If you care about the environment look out on laundry labels for the words “garden safe” or “septic system/ grey water friendly” – this applies to the entire Bosisto’s laundry range. Water with high sodium levels is toxic to plants and soils. But even if you don’t use recycled water on your garden, your laundry water is still making its way into our waterways so low-sodium products are a kinder choice.
5. Bleaches & dyes
Bleaches and dyes are another two ingredients Bosisto’s leave out, which add to the unnecessary toxic load. Be wary of any detergent sporting bright blue, pink or yellow tones – it’s not likely those have come from nature!
Bleach is a respiratory irritant that can hurt your lungs and irritate your eyes, and it’s not great for your fabrics either, causing deterioration and colour-fade. According to the EPA, chlorine bleach in the laundry also increases the potential for household fires. As the chemicals break down fabric fibres, the amount of lint increases, and may ignite in your dyer.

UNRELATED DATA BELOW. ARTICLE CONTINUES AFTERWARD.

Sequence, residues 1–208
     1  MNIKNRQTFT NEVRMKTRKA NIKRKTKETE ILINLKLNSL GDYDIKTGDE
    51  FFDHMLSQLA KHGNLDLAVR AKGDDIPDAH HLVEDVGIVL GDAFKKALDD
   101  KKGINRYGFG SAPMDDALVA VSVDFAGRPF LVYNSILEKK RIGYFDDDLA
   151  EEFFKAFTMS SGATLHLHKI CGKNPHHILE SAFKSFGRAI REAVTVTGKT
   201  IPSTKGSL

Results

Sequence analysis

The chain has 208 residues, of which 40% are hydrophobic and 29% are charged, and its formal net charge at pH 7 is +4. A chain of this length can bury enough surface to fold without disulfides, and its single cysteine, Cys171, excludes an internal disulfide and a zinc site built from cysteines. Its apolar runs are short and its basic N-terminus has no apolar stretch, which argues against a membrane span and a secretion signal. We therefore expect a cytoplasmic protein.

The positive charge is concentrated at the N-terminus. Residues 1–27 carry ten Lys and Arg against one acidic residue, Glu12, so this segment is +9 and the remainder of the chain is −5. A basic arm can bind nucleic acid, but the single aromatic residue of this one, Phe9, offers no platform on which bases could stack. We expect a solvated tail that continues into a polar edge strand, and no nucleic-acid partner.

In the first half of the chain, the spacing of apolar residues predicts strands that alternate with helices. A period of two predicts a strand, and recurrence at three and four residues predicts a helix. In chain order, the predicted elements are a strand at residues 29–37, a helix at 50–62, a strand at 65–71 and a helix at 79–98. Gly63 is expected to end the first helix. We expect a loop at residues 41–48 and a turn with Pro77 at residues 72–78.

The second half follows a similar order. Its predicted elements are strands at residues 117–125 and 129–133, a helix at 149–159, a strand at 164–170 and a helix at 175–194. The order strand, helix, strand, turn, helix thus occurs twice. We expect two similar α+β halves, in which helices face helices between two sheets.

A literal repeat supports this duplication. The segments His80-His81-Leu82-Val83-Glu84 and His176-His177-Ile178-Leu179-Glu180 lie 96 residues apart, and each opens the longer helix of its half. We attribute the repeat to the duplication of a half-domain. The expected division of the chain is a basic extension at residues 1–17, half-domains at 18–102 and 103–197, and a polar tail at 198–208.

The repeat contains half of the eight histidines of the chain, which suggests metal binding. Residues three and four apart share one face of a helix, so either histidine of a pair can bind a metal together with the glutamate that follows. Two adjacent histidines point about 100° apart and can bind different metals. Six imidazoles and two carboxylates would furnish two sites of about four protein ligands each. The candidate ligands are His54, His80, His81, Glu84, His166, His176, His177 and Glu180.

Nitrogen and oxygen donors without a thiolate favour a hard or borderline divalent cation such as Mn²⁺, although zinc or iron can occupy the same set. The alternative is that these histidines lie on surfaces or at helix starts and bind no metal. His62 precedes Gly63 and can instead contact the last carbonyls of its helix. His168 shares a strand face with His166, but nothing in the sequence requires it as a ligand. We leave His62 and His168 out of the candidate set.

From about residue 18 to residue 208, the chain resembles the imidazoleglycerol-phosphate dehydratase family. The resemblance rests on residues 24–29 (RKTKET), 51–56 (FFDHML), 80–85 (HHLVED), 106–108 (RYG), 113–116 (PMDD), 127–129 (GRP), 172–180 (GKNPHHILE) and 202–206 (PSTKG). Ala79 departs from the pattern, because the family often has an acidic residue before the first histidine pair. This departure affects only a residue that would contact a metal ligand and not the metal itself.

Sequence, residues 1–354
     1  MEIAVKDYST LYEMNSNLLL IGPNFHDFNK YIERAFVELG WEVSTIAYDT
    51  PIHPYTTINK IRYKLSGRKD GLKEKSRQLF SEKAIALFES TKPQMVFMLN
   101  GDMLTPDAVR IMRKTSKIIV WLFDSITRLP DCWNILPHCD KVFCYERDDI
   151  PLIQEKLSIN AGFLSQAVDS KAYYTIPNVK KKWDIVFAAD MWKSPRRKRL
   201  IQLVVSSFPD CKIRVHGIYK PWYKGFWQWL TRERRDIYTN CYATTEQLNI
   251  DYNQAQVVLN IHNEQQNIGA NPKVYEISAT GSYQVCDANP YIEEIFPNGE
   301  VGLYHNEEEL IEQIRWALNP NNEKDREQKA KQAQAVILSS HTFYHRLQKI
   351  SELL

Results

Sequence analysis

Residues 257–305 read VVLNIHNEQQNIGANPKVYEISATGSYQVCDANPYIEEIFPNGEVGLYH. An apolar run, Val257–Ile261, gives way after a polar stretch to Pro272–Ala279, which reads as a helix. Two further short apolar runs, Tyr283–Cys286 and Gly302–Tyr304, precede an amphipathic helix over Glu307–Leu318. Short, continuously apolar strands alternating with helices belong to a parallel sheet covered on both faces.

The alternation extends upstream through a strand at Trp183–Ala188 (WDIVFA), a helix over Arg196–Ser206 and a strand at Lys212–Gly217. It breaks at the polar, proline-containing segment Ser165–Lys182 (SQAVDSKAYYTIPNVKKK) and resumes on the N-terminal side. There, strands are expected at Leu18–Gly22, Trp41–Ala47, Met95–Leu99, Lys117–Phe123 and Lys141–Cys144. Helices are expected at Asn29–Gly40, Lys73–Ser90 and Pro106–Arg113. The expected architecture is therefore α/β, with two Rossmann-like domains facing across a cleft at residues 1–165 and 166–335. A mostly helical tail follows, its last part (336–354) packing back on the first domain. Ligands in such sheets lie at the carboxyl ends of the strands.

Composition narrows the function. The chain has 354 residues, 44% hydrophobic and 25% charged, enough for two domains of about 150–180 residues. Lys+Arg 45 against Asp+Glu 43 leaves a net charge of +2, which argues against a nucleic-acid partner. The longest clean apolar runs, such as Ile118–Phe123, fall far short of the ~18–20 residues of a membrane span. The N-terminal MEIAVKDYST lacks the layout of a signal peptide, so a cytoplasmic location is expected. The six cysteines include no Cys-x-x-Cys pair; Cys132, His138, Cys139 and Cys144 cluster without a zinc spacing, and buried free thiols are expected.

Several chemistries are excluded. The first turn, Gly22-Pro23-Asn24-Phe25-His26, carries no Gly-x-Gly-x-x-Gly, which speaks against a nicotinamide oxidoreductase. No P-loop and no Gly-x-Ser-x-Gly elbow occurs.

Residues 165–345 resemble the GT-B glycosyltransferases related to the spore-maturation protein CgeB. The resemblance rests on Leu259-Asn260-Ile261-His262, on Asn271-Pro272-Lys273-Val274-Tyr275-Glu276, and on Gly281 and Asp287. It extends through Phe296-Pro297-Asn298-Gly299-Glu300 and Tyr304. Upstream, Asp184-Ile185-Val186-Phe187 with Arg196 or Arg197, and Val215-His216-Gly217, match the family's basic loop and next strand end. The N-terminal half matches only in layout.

Finally... As you can tell, it pays to check labels & be wise with your washing… after all, the only possible side effect is chronic good health!
Click here to find your local stockist of Bosisto’s Laundry Products or to buy online today.
Sources & References:
Environmental Protection Agency US
Environmental Working Group's Skin Deep Cosmetic Safety Database
"1,4-Dioxane," US Food and Drug Association, CFSAN/Office of Cosmetics and Colors, July 3, 2007
Ozone and Limonene in Indoor Air, Wainman et al, Environ Health Perspect. Dec 2000; 108(12): 1139–1145.
United States Department of Agriculture, Organic Certification Program
The Australian Cancer Council
Lightning Products – euca.com.au
Indoor Air Quality: Scented Products Emit a Bouquet of VOC’s, Carol Potera, Environ Health Perspect. Jan 2011; 119(1):A16.